I found this handy graph today while reading an article titled "Why In the Hell Would You Homeschool?"
Despite the title, it is actually a pro-homeschooling article, and the parent who wrote it sounds a lot like me, and many other parents who have decided to go this route.

I don't really like this graph, though. Why did we decide to homeschool? How can I narrow it down to one choice? Honestly, I would have to give the same answer as the majority of other parents...I can give my children a better education at home. The reasons I can do that, though, are a mix of the other answer options. Kiddo with special needs? Yep. Behavior problems at school? You betcha. School not challenging child? Poor learning environment? Absolutely. Family reasons? Well, that's how Things 2 & 3 ended up staying home...they've never been IN school, so a lot of the other reasons wouldn't apply to them.
And (I know this might sound odd), but objections to things the school teaches and developing character and morality are definitely among my reasons to homeschool! This is not so much of an issue now, but at one point, we lived in Cobb County, Georgia, home of the infamous "evolution warning sticker."  This was also the district where my sister was being taught American History by a woman who called the Civil War "The Northern Aggression." Not exactly objective teaching.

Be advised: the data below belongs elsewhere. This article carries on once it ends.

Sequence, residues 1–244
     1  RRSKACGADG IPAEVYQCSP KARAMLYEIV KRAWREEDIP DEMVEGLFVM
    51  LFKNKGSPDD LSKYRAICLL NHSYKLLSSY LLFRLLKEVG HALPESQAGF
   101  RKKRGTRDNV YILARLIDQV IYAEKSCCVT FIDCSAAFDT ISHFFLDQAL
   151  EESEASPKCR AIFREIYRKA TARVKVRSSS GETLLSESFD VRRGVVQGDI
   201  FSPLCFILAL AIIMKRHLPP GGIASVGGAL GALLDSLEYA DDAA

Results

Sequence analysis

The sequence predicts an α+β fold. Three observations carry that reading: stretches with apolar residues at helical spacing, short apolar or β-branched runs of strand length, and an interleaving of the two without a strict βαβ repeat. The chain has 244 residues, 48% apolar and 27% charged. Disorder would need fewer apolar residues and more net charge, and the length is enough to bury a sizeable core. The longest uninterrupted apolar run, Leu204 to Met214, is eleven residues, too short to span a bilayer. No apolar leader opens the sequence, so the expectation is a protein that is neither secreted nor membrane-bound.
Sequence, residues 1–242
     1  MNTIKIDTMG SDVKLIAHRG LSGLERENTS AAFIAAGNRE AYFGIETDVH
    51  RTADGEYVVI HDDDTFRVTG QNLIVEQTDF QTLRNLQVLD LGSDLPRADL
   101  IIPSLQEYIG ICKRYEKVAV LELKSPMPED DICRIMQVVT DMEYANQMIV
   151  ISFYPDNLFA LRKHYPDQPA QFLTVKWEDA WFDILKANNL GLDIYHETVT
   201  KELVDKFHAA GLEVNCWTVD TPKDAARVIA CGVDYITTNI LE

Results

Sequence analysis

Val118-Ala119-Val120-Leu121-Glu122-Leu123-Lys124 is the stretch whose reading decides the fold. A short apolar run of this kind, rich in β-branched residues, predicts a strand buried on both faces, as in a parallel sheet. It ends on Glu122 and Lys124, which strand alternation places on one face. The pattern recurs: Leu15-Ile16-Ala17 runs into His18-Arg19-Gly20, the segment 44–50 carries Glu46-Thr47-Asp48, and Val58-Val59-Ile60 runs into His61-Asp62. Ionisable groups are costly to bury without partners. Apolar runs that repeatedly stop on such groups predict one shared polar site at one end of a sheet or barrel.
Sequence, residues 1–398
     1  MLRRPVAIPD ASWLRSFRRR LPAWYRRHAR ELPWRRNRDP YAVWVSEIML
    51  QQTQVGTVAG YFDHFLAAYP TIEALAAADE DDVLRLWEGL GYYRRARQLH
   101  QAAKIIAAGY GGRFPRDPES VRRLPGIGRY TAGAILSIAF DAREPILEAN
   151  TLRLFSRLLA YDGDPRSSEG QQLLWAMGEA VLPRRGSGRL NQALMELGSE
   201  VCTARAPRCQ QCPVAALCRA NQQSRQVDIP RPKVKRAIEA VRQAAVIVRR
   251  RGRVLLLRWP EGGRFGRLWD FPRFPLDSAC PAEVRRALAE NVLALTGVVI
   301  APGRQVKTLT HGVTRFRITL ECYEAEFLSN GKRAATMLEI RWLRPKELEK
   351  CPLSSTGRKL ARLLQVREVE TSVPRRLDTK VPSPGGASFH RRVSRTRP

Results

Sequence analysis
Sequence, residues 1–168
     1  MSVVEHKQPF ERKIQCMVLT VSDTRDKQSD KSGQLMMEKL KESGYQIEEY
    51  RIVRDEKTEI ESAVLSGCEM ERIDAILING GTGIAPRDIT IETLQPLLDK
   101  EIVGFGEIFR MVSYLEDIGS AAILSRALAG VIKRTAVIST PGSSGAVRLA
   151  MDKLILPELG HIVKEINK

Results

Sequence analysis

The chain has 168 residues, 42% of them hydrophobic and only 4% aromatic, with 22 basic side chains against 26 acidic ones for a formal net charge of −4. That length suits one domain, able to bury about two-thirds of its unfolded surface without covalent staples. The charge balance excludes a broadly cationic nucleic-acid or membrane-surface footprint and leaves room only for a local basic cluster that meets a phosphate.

As for developing character and morality, well, children learn by example. They don't need religion to be moral or to have good character, but they DO need good roll models, and opportunities to practice. Sure, these things can (and do) happen in school, but they also are exposed to a lot of negative influences and crappy roll models. My goal is to teach them how to figure out how to tell the difference, without just throwing them in and waiting to see if they sink or swim.
So, what's left on the list?
Religious reasons.